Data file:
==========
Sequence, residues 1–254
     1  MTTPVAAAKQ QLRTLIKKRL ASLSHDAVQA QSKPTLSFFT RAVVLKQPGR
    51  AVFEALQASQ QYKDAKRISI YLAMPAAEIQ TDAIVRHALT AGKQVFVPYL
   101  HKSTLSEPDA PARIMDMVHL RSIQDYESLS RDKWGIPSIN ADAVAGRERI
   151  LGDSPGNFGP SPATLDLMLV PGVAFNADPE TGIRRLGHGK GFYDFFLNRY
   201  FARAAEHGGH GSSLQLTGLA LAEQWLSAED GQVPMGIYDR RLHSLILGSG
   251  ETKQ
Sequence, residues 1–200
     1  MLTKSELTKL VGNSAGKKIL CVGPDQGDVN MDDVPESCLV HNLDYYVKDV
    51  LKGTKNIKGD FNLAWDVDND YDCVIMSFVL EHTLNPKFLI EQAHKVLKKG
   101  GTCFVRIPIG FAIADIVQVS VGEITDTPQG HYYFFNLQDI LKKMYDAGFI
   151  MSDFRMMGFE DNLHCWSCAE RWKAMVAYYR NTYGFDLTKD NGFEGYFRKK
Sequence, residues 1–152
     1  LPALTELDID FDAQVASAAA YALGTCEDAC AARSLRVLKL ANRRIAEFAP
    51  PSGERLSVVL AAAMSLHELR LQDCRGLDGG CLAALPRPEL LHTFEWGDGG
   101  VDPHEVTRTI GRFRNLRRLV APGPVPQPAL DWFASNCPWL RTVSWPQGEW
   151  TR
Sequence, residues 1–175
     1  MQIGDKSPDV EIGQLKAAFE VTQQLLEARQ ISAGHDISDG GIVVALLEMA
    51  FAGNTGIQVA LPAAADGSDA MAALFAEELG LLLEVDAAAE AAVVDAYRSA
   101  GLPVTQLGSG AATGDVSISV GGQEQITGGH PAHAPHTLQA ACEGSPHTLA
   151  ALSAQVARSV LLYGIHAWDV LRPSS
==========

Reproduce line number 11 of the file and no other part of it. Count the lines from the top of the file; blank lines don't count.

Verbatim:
   101  GTCFVRIPIG FAIADIVQVS VGEITDTPQG HYYFFNLQDI LKKMYDAGFI